Fragmenting forces in western and urban culture are driving many people to a quest for more simple, sustainable and community-based lifestyles. For Christians, this quest is finding expression in a variety of new and old forms of intentional Christian community.
But the process of navigating the major decisions of a new lifestyle is neither intuitively clear nor simple. Pressing questions quickly surface such as: “How will we house ourselves? By what means will we be supported? What will be the rhythms of our spiritual and social commitments?” The answers drawn to such questions profoundly shape the nature and impact of newly forming communities.
This website brings together a variety of resources that can help aspiring new communities thoughtfully navigate such key decisions. Modeling Intentional Communities presents a framework that can clarify the questions communities must face and become better aware of the options available to answer those questions.
You will find here:
- Home Page – eleven communities that represent our study sample, their locations, a few pictures and website links for more information about each community.
- Shared Assets Page – a set of working definitions, a description of seven key assets intentional communities share, and brief videos compiled of responses from each community as they describe their approach to each asset.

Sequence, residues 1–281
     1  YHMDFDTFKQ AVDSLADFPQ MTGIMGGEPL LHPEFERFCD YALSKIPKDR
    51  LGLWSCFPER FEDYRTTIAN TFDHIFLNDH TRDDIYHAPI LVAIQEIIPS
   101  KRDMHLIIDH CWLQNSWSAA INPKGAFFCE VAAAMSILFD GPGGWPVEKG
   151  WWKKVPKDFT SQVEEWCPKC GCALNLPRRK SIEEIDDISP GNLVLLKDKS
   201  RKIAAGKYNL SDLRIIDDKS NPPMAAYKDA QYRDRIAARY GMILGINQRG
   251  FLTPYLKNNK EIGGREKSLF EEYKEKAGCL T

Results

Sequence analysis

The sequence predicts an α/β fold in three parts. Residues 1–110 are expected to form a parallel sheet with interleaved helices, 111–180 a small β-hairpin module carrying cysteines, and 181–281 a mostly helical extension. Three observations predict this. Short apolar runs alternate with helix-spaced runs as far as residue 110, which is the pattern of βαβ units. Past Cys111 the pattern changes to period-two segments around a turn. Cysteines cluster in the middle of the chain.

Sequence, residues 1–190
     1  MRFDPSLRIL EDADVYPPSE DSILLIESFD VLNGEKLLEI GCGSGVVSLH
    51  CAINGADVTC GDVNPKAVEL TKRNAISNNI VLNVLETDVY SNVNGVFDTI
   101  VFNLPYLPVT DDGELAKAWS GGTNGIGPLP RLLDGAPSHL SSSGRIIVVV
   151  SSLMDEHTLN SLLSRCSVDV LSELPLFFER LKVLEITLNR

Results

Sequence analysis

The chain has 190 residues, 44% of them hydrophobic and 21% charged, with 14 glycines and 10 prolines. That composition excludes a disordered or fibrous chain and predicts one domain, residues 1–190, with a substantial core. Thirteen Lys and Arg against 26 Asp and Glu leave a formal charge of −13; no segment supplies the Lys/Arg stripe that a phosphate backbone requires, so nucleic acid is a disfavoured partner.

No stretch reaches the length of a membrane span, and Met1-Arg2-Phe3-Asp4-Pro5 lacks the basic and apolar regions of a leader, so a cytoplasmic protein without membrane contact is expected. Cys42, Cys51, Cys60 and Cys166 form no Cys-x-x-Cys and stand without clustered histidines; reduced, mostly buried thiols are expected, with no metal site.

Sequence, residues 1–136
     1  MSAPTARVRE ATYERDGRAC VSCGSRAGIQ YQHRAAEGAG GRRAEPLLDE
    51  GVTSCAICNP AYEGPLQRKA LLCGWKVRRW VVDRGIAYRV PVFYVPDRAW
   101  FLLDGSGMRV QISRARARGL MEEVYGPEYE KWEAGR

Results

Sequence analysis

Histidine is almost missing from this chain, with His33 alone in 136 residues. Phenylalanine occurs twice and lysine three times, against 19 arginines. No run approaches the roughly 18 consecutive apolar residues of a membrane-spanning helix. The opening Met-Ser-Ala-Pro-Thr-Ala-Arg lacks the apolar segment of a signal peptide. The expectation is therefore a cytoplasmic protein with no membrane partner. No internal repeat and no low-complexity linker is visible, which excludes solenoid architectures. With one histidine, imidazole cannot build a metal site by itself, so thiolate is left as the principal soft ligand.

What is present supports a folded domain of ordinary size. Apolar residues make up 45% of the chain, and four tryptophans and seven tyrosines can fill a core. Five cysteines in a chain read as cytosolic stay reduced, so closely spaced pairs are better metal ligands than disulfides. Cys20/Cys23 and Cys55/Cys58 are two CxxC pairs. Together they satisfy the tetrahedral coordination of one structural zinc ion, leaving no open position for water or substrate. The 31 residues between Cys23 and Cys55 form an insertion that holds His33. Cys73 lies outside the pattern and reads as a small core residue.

- Resources Page – an annotated bibliography organized by themes related to intentional community, along with links to a number of communities and resources.
This project is developing out of the teaching and research of three professors at Abilene Christian University. Monty Lynn, Professor of Management (Department of Management Sciences), contributes a perspective from the discipline of business management. Kent Smith, Missions Coordinator for North America (Halbert Institute) and Director of the Missionary Residency for North America (Graduate School of Theology), contributes a perspective from the discipline of missional formation. Brandon Young, Assistant Professor of Design (Department of Art & Design), contributes a perspective from the disciplines of architecture and planning.